The Indians were at war with the white people. One day the young men saw the tracks of Indians. Then they knew that it was not safe for them to stay in the woods any longer. They began to get ready to go home.
John Stark went out to bring in the traps set for animals. The Indians found him, and made him a prisoner. They asked him where his friends were.
Stark did not wish his friends to be taken. So he pointed the wrong way. He took the Indians a long way from the other young men.
But John Stark's friends did not know that he was a prisoner. When he did not come back, they  thought that he had lost his way. They fired their guns to let him know where they were.
When the Indians heard the guns, they knew where the other hunters were. They went down to the river, and waited for them. When one of the men came down, they caught him.
Then John Stark's brother and the other man came down the river in a boat. The Indians told Stark to call them. They wanted them to come over where the Indians were. Then they could take them.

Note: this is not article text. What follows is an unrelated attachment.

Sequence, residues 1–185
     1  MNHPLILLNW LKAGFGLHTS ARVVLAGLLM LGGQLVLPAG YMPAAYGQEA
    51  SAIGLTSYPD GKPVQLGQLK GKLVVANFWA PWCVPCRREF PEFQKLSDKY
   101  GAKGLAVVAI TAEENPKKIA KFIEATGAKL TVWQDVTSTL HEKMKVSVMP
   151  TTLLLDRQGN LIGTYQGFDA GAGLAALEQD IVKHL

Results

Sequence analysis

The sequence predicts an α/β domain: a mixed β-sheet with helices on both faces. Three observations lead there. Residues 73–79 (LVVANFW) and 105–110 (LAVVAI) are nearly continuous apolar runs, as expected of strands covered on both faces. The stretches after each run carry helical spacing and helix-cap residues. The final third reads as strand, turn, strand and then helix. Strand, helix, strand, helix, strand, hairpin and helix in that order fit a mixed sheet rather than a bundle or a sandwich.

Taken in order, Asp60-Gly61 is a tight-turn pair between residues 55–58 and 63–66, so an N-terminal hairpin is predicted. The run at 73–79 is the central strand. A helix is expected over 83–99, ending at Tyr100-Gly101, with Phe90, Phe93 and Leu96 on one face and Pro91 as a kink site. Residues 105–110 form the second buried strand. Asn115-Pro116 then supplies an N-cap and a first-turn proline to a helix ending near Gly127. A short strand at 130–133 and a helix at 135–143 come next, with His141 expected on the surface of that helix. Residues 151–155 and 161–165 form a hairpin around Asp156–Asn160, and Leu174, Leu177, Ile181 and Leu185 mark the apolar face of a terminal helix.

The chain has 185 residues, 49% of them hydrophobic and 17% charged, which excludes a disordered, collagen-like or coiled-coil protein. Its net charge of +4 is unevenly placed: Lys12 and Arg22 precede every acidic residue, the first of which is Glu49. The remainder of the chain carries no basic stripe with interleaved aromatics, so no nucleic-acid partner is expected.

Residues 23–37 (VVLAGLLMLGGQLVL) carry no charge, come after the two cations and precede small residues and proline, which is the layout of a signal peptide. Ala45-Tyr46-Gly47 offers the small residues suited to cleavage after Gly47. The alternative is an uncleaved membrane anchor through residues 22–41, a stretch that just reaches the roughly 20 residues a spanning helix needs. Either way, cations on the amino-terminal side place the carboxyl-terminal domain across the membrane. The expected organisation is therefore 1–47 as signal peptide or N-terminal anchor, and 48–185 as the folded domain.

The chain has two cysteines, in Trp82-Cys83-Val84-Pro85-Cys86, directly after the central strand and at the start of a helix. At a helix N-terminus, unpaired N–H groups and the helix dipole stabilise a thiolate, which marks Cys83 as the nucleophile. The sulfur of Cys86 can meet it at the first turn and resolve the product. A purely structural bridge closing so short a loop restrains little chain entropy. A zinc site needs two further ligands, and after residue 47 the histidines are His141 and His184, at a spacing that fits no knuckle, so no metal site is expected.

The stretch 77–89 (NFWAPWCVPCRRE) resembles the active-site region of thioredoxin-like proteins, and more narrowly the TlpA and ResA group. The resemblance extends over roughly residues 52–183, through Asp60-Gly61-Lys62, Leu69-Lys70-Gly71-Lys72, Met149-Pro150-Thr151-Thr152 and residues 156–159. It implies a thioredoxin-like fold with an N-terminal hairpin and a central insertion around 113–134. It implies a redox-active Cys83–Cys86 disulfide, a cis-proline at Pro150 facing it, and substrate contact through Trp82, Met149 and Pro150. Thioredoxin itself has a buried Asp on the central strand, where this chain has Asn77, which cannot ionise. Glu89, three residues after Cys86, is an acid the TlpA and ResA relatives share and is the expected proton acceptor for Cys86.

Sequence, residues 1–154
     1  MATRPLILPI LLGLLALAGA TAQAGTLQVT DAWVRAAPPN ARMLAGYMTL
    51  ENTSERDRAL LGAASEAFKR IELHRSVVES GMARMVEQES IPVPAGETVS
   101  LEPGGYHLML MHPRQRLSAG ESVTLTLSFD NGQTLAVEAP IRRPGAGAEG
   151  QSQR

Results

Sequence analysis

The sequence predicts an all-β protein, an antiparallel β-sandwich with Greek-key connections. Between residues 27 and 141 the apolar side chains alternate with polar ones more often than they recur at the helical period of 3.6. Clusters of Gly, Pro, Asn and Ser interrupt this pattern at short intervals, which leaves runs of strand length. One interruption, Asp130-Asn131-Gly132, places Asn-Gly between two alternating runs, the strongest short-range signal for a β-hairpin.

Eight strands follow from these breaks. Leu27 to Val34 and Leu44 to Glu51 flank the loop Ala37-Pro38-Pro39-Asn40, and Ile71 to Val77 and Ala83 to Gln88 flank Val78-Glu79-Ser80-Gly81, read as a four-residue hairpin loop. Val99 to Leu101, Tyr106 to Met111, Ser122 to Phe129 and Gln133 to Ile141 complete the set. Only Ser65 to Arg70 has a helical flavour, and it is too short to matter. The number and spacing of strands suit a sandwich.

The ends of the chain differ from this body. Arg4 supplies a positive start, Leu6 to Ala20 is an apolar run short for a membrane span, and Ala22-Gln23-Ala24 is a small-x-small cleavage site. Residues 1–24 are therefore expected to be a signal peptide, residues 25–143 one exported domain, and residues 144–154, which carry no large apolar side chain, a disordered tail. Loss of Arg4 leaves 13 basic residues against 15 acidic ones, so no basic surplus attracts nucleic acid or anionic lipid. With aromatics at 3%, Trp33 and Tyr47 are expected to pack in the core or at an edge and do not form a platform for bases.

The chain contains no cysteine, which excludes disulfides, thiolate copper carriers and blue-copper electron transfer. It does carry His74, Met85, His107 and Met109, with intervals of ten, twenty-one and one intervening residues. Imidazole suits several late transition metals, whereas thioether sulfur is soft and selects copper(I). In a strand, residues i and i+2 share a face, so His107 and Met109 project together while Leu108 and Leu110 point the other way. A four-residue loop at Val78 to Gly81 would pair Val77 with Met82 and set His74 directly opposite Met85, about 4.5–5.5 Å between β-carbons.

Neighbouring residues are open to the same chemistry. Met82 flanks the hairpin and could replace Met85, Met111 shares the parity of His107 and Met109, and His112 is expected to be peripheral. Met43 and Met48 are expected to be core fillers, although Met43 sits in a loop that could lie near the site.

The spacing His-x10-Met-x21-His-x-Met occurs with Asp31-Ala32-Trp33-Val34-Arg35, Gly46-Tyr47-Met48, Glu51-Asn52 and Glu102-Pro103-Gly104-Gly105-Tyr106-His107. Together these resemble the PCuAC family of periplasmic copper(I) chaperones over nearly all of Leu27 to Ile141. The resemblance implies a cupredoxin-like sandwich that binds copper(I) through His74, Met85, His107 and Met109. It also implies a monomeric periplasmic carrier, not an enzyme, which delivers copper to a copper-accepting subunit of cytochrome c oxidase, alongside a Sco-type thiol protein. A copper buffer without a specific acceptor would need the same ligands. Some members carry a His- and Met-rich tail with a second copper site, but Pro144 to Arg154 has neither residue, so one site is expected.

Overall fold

John knew that the Indians were cruel. He knew that if he did not do what they told him to, they might kill him. But he wished to save his brother. He called to his brother to row for the other shore.
When they turned toward the other shore, the Indians fired at them. But Stark knocked up two of their guns. They did not hit the white men. Then some of the other Indians fired. Stark knocked up their guns also. But the man that was with his brother was killed.
John now called to his brother, "Run! for all the Indians' guns are empty."
His brother got away. The Indians were very angry with John. They did not kill him. But they gave him a good beating.
Stark running the Gauntlet
 These Indians were from Canada. They took their prisoners to their own village. When they were coming home, they shouted to let the people know that they had prisoners.